October 10, 2011 at 4:46 pm (Recommended)
Tags: California, Events, Fridays, invitations, jobs, politics
Make Wall Street Pay
Jobs not Cuts
Friday in San Mateo
Host: Cilla R., MoveOn member
Where: Bridge at Alameda de las Pulgas and Highway 92 (in San Mateo)
When: Friday, Oct. 14, 4 p.m.
Can you come?
What: The media is finally starting to pay attention to the tens of thousands of people demanding Wall Street pay to create jobs, not cuts. This is our chance to push for policies that work for the 99% of us who can’t afford lobbyists. Whether protesting banks not paying their fair share, rallying for jobs, or standing in solidarity with Occupy Wall Street, we’ll amplify our message for politicians: jobs now — make Wall Street pay!
October 10, 2011 at 6:12 am (Artists and Writers)
Tags: 9/11, essay, New York, The New Yorker
Like many people, I watched 9/11 on television from a thousand miles away. Also like many people, I found myself asking, among the dozens of terrified questions that crossed my mind, Do I know anyone who works in the World Trade Center? I was pretty sure that I didn’t. And I was about to relax ever so slightly and guiltily, when I suddenly remembered — wait a minute — that my brother worked there. Or had. He’d been there during the first bombing, in 1993, and I wasn’t certain whether the state administrative office he worked for was still situated there.
It turned out that his office had moved just across the street. My brother was in the W. T. C. subway station when the first tower was hit and, after the second one was hit and the adjacent buildings were evacuated, my brother, covered in ash, and unreachable by anyone, walked eight hours home to Queens. The next day? He returned to work and sat there at his desk for two hours, waiting for others to show up — until at last it became clear that not a single other person was going to. And so he left. The cough he already possessed became permanently worse.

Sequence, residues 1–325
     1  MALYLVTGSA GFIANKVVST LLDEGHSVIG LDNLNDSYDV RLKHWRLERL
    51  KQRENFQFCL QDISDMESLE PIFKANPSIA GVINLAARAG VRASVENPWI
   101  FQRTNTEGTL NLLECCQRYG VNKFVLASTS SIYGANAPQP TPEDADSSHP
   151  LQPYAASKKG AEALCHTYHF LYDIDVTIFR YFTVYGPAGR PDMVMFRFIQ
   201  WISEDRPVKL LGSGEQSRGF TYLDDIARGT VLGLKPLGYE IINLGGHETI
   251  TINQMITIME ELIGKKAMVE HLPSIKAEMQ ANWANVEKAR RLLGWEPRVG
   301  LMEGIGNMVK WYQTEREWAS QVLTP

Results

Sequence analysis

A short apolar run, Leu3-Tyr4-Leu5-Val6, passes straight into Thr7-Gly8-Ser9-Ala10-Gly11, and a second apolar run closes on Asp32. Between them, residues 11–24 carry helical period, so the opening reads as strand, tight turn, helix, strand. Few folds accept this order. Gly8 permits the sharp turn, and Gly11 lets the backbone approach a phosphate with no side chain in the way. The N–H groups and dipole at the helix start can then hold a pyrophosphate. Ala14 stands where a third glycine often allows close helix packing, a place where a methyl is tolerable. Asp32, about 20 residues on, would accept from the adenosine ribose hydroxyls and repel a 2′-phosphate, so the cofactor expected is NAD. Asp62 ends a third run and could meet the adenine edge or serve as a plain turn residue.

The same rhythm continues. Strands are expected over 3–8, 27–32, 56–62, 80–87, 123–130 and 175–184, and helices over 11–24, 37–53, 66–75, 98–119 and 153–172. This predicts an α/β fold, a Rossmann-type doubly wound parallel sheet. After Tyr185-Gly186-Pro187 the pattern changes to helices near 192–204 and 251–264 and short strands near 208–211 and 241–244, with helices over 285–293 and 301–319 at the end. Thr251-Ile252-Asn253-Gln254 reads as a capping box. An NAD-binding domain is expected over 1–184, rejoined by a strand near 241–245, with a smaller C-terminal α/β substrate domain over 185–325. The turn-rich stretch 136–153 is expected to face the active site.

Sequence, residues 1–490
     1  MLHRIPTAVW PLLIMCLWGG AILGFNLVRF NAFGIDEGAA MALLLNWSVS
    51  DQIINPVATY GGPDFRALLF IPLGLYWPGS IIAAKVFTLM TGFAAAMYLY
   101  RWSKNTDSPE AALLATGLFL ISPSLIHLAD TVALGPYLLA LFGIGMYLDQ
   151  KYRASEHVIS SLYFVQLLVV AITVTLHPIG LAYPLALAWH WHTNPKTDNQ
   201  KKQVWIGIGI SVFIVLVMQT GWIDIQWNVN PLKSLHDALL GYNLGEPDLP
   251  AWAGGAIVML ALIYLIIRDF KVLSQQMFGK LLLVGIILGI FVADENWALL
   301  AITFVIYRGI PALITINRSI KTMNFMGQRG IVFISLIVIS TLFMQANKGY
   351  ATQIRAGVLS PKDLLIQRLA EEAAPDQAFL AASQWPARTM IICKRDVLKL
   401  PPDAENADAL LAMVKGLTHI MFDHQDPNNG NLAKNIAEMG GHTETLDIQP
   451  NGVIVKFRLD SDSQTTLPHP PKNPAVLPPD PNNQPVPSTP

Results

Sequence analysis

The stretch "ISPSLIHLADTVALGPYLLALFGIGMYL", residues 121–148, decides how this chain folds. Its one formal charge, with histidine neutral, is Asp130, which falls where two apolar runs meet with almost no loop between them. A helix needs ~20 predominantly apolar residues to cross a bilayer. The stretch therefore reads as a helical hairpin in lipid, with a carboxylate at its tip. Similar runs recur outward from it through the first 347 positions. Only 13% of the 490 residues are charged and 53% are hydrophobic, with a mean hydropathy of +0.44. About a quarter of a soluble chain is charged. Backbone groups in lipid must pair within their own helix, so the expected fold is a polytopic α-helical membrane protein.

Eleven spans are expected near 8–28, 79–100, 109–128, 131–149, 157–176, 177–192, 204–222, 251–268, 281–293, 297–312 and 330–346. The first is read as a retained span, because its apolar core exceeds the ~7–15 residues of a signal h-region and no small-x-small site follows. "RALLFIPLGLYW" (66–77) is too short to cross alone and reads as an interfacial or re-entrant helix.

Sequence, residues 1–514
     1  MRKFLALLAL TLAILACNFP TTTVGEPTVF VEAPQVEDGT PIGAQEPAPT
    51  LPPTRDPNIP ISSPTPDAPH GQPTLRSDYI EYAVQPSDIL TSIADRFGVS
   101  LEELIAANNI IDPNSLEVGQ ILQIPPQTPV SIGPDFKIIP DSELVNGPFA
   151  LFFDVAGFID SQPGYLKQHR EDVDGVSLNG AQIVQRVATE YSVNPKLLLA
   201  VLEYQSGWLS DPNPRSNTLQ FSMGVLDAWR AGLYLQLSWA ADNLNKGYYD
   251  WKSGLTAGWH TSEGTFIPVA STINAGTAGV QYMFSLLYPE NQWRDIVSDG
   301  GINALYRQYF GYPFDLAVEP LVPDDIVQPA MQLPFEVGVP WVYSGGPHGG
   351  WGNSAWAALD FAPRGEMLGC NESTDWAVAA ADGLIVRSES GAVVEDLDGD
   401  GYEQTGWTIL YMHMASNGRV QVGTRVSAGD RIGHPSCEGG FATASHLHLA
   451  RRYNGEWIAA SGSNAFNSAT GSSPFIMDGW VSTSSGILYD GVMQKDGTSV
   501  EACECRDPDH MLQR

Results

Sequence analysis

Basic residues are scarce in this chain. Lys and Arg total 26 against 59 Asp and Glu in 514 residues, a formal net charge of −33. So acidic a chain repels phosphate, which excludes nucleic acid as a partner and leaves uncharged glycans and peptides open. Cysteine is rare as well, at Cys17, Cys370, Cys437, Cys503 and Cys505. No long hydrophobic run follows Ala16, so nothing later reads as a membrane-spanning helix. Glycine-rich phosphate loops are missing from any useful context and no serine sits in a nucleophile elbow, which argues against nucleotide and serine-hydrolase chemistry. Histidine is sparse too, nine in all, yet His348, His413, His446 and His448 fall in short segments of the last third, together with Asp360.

* * * *
The world is resilient . . . no matter what interruptions occur, people so badly want to return to their lives and get on with them. A veneer of civilization descends quickly . . .
Could the above possibly have anything to do with what Hannah Arendt, in Eichmann in Jerusalem, calls “the banality of evil”? For instance, the way in which the Nazi guards kept such detailed daily records of movements of prisoners here and there, the idea of creating a bureaucracy of pain, the playing of classical music after mass murder, etc.? Were these the Nazis’ attempt to create for themselves a “fictional normal”? (Self, what are you on about now? Why does a phrase like “the fictional normal” suddenly cause you to make a transcendent leap to the “banality of evil”?)
Stay tuned, dear blog readers. Stay tuned.